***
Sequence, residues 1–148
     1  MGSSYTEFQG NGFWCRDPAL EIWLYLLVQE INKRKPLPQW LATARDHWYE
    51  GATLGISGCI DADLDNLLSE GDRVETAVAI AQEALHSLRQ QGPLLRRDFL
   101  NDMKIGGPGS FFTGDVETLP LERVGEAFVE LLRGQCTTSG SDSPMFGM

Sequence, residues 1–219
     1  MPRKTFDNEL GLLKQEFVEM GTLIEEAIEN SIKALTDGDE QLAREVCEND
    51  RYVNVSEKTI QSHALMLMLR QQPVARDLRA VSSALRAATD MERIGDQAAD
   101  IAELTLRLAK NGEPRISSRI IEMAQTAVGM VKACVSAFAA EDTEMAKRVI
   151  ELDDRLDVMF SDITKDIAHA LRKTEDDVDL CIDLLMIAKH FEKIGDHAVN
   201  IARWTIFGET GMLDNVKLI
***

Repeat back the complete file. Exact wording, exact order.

Sequence, residues 1–148
     1  MGSSYTEFQG NGFWCRDPAL EIWLYLLVQE INKRKPLPQW LATARDHWYE
    51  GATLGISGCI DADLDNLLSE GDRVETAVAI AQEALHSLRQ QGPLLRRDFL
   101  NDMKIGGPGS FFTGDVETLP LERVGEAFVE LLRGQCTTSG SDSPMFGM

Sequence, residues 1–219
     1  MPRKTFDNEL GLLKQEFVEM GTLIEEAIEN SIKALTDGDE QLAREVCEND
    51  RYVNVSEKTI QSHALMLMLR QQPVARDLRA VSSALRAATD MERIGDQAAD
   101  IAELTLRLAK NGEPRISSRI IEMAQTAVGM VKACVSAFAA EDTEMAKRVI
   151  ELDDRLDVMF SDITKDIAHA LRKTEDDVDL CIDLLMIAKH FEKIGDHAVN
   201  IARWTIFGET GMLDNVKLI